Blogging as a response to the times

I have been a blogger since 2009. I started during the penultimate year of my undergraduate studies as a way to interrogate my own ideas and interpretations of the nonfiction books I started to read around that time, especially those on the history and philosophy of science. Shortly after, I graduated from college and got a diploma in print journalism from the Asian College of Journalism, Chennai. At the same time, I began to blog less about my opinions of academic works and more about stuff that was in the news, including pop culture. This was also when I began to write more regularly about science for popular consumption.

After ACJ, I worked at The Hindu for two years, at Scroll and then Brainwave magazine for half a year, and then joined The Wire in 2015. This was the period – 2012-2015 in which I blogged almost exclusively on scientific topics, especially cosmology and particle physics, and became extremely familiar with developments in these subjects. But things changed in 2015 onwards – not because of The Wire, although it was certainly a contributing factor – but because of the country’s new government and its brand of aggressive identity politics.

From my PoV, it seemed like there were battles to be fought every day to defend this or that idea, and the more foot soldiers there were the better. It became easy to write, discuss and outrage about the daily realpolitik, so much so that my blog became an almost sacred place to me: a place from which I could effectively keep all trolls out, where I could lay out my thoughts with as many words as I wanted to, with as much nuance as I wanted to. Since 2014, when the BJP government came into power, it has been clearer than it has ever been before (in my lifetime) the extent to which politics affects various realms of human endeavour.

At the same time, this call to defend our democratic principles started becoming a call to mount a certain kind of defence over others: by engaging in public debates about the actions of politicians, calling repeated attention to the assault on vaunted public institutions like the Supreme Court and the Election Commission (to give you an idea), and – as a journalist – to beat back the pall of jingoism by mounting counterattacks against as many claims and actions as often as we could. It was like being told that if I’m not loud, I’m not fighting.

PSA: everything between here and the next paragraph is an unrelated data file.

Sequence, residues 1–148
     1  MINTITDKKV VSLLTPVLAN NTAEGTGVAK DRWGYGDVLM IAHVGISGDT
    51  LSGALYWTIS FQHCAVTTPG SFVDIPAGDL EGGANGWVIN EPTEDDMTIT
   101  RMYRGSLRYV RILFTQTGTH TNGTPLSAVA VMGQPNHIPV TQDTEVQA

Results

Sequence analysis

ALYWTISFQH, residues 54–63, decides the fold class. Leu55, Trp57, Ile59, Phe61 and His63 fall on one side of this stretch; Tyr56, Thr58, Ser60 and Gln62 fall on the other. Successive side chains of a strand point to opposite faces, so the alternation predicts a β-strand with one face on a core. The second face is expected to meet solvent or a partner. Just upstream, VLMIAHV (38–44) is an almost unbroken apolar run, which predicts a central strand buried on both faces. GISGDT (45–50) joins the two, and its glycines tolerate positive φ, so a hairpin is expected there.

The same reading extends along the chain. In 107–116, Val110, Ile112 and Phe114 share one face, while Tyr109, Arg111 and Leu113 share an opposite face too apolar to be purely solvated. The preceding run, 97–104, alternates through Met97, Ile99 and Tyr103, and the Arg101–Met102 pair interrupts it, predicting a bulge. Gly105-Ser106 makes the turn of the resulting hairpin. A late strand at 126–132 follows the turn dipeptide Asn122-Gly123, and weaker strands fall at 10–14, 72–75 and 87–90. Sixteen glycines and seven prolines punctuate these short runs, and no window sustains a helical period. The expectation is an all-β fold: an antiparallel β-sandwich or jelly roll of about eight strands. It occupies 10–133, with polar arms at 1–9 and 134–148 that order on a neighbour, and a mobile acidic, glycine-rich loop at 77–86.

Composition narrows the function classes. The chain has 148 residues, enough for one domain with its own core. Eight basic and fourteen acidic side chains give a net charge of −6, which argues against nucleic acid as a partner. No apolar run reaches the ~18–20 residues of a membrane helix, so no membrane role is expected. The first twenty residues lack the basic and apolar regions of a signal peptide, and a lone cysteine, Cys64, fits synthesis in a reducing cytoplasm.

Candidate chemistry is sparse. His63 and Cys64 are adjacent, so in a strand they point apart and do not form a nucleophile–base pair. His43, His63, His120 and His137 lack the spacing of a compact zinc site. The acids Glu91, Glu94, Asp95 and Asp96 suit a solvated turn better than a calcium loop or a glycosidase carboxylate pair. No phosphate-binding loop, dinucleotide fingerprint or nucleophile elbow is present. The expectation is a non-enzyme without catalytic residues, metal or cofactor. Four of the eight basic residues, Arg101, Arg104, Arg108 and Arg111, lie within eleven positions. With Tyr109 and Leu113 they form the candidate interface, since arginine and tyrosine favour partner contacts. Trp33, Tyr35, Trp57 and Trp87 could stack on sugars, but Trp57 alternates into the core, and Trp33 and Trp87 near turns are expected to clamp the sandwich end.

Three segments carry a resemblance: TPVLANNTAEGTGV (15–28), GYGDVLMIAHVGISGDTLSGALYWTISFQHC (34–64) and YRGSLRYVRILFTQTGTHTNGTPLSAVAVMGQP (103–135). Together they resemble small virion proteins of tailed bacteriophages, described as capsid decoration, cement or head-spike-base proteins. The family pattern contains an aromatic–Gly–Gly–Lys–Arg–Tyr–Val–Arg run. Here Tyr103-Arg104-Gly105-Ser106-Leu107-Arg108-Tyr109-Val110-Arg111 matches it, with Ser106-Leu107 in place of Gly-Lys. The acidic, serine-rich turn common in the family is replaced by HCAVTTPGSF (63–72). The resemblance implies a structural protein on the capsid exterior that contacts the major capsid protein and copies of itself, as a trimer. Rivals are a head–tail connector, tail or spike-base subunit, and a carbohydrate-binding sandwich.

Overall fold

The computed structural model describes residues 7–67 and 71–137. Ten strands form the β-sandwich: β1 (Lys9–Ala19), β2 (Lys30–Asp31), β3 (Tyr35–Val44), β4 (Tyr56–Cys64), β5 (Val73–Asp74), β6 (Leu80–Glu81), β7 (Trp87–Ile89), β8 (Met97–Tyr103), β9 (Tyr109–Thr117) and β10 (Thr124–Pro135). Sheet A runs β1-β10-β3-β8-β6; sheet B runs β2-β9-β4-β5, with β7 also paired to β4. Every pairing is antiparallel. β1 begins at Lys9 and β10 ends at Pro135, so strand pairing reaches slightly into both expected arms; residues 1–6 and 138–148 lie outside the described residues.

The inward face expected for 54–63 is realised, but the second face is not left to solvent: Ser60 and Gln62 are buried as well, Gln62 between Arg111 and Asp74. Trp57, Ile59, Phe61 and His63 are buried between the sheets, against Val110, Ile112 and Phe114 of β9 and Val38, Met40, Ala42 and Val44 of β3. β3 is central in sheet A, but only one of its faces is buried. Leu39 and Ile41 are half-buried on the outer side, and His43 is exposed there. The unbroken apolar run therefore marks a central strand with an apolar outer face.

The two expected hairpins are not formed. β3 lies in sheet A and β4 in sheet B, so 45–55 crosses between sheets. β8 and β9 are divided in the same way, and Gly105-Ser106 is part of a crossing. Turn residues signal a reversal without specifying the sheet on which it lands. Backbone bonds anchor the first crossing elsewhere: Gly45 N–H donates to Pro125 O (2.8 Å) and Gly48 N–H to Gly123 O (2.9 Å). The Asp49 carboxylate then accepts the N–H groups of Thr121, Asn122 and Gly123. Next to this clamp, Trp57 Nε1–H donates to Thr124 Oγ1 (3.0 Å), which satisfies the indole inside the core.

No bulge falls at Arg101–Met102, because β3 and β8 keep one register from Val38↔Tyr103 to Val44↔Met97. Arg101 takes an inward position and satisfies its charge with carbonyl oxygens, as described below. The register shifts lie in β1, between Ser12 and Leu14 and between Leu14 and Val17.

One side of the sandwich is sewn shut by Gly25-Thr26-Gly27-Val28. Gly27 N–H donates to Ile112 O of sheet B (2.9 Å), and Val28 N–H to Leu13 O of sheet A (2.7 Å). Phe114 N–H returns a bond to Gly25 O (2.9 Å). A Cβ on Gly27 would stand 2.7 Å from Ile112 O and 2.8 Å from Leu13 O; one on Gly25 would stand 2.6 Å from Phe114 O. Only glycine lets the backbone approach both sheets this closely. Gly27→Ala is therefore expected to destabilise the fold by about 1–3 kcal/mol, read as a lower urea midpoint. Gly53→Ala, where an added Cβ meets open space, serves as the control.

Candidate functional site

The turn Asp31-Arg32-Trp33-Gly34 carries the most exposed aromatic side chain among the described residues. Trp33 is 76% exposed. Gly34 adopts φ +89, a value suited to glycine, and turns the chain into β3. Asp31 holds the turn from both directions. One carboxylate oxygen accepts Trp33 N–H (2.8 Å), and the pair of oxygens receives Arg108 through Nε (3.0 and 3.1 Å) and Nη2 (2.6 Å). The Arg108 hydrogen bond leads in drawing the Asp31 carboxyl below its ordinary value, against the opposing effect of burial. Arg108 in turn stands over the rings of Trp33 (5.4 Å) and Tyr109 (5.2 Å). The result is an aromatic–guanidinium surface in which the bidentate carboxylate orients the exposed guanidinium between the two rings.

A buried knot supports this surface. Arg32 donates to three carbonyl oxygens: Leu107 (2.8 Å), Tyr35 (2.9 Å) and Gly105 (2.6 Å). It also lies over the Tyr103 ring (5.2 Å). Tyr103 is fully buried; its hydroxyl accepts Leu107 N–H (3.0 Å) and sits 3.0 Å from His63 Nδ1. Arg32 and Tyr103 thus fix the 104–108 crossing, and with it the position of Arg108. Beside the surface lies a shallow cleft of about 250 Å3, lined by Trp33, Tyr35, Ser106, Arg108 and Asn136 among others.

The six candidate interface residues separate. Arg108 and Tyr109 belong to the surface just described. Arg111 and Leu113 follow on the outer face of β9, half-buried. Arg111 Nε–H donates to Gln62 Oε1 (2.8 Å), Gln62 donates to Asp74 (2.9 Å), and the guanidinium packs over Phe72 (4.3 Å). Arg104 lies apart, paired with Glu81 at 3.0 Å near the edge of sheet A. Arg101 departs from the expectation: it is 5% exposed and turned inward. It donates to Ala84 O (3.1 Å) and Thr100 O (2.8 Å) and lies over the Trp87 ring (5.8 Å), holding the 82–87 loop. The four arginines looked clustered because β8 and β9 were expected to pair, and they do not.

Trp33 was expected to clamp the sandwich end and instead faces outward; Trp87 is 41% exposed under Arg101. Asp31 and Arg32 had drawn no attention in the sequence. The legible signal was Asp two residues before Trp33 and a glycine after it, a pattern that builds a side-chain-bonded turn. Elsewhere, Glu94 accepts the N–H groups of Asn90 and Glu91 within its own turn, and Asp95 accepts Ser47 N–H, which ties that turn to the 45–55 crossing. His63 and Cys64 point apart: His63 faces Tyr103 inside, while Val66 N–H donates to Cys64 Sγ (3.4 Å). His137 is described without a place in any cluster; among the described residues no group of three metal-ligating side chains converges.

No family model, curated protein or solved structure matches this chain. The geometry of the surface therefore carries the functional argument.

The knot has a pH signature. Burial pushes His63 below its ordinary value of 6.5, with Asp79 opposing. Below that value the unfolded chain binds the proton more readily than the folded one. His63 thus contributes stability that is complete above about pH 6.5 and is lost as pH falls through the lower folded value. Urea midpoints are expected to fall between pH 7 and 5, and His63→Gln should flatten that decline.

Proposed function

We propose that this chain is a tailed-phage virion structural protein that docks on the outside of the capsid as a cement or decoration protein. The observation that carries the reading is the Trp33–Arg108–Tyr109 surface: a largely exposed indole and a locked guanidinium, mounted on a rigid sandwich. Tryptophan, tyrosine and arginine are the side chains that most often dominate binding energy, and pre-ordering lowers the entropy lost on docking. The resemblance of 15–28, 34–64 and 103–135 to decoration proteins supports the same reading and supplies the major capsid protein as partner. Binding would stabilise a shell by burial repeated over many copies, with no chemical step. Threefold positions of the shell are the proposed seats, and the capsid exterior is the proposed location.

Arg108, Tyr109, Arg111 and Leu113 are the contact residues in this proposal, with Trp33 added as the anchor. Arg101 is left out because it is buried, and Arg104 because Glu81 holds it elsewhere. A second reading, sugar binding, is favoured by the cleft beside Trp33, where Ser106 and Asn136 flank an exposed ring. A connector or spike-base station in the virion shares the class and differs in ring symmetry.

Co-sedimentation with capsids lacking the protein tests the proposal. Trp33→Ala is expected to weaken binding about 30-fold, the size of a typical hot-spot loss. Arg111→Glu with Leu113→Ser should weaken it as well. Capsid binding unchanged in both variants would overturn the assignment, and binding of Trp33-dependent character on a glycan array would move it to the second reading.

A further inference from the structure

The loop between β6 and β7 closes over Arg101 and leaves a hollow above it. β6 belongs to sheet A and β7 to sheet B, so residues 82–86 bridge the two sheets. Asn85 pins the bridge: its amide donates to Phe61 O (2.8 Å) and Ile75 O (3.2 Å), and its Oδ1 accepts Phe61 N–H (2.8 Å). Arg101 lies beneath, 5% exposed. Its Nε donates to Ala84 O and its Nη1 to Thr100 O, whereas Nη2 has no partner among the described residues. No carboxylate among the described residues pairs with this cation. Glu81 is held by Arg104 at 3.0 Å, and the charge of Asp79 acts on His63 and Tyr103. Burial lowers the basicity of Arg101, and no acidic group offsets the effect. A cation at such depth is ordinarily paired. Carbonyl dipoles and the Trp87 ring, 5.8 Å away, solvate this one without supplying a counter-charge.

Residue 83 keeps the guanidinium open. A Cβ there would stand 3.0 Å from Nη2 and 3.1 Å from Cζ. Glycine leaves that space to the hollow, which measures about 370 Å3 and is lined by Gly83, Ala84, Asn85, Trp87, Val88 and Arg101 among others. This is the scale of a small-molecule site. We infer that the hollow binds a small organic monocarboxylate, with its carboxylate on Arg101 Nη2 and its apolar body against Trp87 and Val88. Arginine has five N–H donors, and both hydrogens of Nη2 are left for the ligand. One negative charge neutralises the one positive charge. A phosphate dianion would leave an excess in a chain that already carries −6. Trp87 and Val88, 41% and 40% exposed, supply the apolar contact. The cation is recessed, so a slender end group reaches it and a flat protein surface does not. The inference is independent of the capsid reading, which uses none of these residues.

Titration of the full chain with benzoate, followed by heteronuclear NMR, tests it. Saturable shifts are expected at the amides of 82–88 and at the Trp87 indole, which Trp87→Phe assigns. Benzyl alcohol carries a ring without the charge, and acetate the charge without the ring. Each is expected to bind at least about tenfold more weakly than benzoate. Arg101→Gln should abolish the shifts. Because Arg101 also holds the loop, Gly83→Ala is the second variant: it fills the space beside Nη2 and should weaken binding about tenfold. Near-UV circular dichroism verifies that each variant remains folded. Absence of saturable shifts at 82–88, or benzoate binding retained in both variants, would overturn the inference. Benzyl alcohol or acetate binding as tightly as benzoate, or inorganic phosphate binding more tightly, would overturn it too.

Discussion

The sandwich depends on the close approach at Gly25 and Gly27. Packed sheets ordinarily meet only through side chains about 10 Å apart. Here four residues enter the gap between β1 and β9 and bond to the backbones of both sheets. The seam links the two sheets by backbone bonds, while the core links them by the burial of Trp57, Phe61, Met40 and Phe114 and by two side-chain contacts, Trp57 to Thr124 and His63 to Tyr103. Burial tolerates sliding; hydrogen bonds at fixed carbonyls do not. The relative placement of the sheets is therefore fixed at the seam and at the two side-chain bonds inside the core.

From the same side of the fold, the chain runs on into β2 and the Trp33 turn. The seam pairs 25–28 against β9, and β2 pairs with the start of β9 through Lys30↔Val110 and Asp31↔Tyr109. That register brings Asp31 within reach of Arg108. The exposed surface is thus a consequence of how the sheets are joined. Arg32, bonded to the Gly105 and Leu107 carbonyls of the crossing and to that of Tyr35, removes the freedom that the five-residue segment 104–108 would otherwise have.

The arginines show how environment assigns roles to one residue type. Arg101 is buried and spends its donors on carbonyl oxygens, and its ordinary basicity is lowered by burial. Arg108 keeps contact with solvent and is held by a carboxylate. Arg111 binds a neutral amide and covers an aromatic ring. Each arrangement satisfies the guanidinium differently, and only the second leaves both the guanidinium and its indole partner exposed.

If this sounds like something I brought on myself and not something that I had imposed on me, you’re probably missing the temptation of relevance: the political frontlines promised audience engagement every time you entered the fray, and such engagement has been my highest priority as a public blogger. As a result, my own interests were thoroughly overtaken on all counts by the common interests of the political group with which I identified, the progressivist liberals.

This then affected my blog, which went from being a place of self-interrogation about ideas in/of matters that deeply interested me (scientific knowledge) to being – broadly speaking – a complaints box about things that I have been aware of but not fascinated by. I could no longer reach for the natural beautiful through my writing as I was able to before; instead, the writing habit had became congruent with the deliberate experience of helplessness (viz. the helplessness due to the apparent meaninglessness of individual action at a time when so many things appear to be going from bad to worse). So when I realised that this was happening, only last week, I also realised I had to act quickly and effectively to stop this corruption, to shed this fetishisation of relevance, which has been rendered risky as a result of the deterioration of the quality of public dialogue, and to restore my flagging ability to work with ideas for their implicit significance as it interests me.

I have no delusions about how difficult this is going to be but I’m going to make it happen. I have to.